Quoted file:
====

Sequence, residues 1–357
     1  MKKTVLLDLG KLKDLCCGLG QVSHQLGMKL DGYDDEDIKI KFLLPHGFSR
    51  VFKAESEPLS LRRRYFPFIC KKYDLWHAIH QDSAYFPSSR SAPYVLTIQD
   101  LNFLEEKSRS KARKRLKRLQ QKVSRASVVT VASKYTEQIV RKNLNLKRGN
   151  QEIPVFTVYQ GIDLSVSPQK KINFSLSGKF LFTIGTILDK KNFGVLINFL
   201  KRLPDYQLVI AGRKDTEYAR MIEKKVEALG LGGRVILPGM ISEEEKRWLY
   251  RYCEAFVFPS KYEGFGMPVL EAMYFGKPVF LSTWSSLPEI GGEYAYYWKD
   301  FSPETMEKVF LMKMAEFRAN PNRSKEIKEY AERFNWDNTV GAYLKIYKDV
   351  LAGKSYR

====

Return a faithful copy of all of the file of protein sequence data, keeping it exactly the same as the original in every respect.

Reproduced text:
Sequence, residues 1–357
     1  MKKTVLLDLG KLKDLCCGLG QVSHQLGMKL DGYDDEDIKI KFLLPHGFSR
    51  VFKAESEPLS LRRRYFPFIC KKYDLWHAIH QDSAYFPSSR SAPYVLTIQD
   101  LNFLEEKSRS KARKRLKRLQ QKVSRASVVT VASKYTEQIV RKNLNLKRGN
   151  QEIPVFTVYQ GIDLSVSPQK KINFSLSGKF LFTIGTILDK KNFGVLINFL
   201  KRLPDYQLVI AGRKDTEYAR MIEKKVEALG LGGRVILPGM ISEEEKRWLY
   251  RYCEAFVFPS KYEGFGMPVL EAMYFGKPVF LSTWSSLPEI GGEYAYYWKD
   301  FSPETMEKVF LMKMAEFRAN PNRSKEIKEY AERFNWDNTV GAYLKIYKDV
   351  LAGKSYR